Fresh, bright and just a little unexpected: Fruit salsas are a highly recommended addition to spring seafood meals. The natural sweetness and tang of fruit blends beautifully with fish, and its moisture adds succulence to simple cooking techniques like baking and pan-searing. Salsas are generally no-cook and easy to prepare ahead, making them convenient for both weeknight meals and entertaining. And even simple white fillets look festive and enticing when crowned with colorful fruit salsa.
Bonus: From 3/14 - 3/20/18, sustainably wild-caught fresh Pacific rockfish fillets are on sale for $6.99 lb., and Champagne mangoes are on sale — get 5 for $5.
Anatomy of Fruit Salsas
Making a salsa with fruit may seem exotic, but a few simple ingredients and a few minutes of chopping is all you need to put one together. Keep the following four elements in mind and improvisation is easy:
Fruit base: Citrus, berries, melons, mangoes, pineapple, papaya, kiwi and starfruit are great spring choices. Dice them finely for a delicate salsa, or leave them in larger chucks for a more rustic one.
Acid boost: A touch of lime, lemon or vinegar ramps up the flavor. Use more or less depending on the natural acidity of your fruit.
Heat and punch: Chiles like jalapeño and serrano are salsa standards, though you can try removing the chile's seeds and pith to better control the heat level first. Or leave them out for a milder sauce. Minced onion, shallot or garlic will act as a foil to your fruit's sweetness to anchor your salsa firmly in the savory category.
Elegant herbs: A green note from cilantro, mint, chives, basil or other herbs gives salsas a freshness that's ideal for light spring meals. Add herbs as close to serving as possible for the most impact and to avoid any discoloration.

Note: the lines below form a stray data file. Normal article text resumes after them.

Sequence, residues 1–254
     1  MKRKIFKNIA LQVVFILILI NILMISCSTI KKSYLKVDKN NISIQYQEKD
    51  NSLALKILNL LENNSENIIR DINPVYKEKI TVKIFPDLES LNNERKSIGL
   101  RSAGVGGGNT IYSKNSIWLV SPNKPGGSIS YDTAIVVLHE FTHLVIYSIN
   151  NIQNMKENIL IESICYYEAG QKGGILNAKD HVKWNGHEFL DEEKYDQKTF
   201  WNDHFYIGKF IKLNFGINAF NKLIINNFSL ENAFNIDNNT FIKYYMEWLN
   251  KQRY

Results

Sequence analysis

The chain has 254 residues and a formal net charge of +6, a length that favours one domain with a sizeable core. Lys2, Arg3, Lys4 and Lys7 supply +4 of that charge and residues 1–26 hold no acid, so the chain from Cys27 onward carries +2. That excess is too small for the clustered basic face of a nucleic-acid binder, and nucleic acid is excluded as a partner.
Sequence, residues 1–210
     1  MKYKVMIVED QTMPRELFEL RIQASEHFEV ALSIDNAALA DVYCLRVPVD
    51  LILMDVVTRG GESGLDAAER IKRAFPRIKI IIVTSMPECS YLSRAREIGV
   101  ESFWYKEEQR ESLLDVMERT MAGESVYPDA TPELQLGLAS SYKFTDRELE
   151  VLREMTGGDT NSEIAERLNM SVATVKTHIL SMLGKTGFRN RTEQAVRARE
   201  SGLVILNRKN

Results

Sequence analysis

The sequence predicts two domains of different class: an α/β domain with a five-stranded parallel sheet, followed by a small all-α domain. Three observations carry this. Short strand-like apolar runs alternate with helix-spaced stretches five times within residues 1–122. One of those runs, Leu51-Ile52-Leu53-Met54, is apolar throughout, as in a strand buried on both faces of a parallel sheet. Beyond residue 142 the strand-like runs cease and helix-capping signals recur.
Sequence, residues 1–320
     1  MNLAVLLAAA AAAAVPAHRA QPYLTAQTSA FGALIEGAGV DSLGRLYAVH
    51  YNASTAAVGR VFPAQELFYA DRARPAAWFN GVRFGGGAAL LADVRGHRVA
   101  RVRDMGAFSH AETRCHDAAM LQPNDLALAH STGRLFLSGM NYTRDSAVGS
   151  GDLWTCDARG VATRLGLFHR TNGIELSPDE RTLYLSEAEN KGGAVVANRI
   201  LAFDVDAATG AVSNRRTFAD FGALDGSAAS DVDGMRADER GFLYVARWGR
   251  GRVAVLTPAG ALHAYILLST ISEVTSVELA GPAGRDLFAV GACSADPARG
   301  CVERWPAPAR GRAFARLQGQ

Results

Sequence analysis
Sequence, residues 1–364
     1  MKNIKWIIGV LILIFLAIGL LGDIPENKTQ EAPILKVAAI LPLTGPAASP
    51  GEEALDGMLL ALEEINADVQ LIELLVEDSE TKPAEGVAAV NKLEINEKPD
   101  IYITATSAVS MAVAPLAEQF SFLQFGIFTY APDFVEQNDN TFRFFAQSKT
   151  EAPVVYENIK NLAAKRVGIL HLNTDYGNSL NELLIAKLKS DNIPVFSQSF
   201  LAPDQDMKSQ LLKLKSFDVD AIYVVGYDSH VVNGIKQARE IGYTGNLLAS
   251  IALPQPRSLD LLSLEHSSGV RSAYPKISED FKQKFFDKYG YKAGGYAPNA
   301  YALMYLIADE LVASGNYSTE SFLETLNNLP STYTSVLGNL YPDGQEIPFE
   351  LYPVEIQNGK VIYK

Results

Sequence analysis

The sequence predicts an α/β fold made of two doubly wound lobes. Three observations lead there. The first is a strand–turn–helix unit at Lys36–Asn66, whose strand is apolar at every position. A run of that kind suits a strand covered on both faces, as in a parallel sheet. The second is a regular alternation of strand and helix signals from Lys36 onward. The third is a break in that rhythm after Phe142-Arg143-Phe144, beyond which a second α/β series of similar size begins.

Add salt to taste, and you'll have a fruit salsa to pair with just about any fish or shellfish. Read on for inspiration and easy recipes.
6 Simple Fish-and-Salsa Recipes
Halibut Fillet with Citrus Salsa and Asparagus opens in a new tab is a terrific stovetop recipe that combines seasonal citrus with succulent halibut and spring asparagus. Chilean sea bass, striped bass or cod can be substituted for halibut.
Strawberries are a spring favorite, and Baked Salmon with Spinach and Strawberry Salsa opens in a new tab pairs them with jewel-like kiwifruit and adds mint for seasonal freshness. This recipe calls for no added salt, but a sprinkling of flaky sea salt on the fish and over the salsa would be a good addition for a little crunch.
Grilled Red Snapper with Strawberry and Avocado Salsa opens in a new tab also features strawberries, but using blueberries in this recipe would be terrific as well. If outdoor grilling isn't an option, you can use an indoor grill pan to cook the snapper, or pan-sear it in a little oil.
This simple Baked Salmon with Warm Mango Salsa opens in a new tab can be ready in 30 minutes, making it convenient for weeknight meals. Swordfish, tuna or other meaty fish would work well in place of salmon.
Halibut with Watermelon Salsa opens in a new tab calls for grilling the fish, but halibut's firm texture makes it easy to cook any number of ways, from pan-searing to baking. Feel free to swap in another favorite melon for the salsa, if you like.
And finally, Shrimp Tacos with Pineapple Salsa opens in a new tab makes a super-flavorful and light weeknight meal. You could also marinate chunks of cooked firm white fish such as cod or Chilean sea bass instead of shrimp for the ceviche-style filling.
* Valid 3/14 - 3/20/18. While supplies last. Not valid at Whole Foods Market 365™ stores. U.S. only. No rain checks. Excludes cooked rockfish and organic Champagne mangoes.